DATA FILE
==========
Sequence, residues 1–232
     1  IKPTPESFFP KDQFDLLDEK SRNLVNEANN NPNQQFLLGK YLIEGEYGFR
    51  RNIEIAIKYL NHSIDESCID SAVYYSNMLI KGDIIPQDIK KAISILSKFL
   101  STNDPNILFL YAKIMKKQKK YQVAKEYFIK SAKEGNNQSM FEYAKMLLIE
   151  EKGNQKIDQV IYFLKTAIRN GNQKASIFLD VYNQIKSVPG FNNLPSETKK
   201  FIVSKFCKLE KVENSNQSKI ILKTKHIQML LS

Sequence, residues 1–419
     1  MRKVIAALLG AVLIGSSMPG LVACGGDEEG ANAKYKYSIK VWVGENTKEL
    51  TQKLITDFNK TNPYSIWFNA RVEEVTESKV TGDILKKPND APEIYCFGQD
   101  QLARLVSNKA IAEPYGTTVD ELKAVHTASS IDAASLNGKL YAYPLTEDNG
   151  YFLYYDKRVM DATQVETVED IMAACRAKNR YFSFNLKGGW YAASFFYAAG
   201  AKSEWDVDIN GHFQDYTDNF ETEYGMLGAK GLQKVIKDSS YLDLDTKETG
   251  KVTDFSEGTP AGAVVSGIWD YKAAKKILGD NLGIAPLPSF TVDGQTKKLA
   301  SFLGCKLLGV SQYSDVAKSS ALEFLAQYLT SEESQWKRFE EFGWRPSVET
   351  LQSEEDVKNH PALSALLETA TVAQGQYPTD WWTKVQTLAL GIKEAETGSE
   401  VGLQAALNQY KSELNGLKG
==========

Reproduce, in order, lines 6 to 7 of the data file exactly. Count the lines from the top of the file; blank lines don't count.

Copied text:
   201  FIVSKFCKLE KVENSNQSKI ILKTKHIQML LS

Sequence, residues 1–419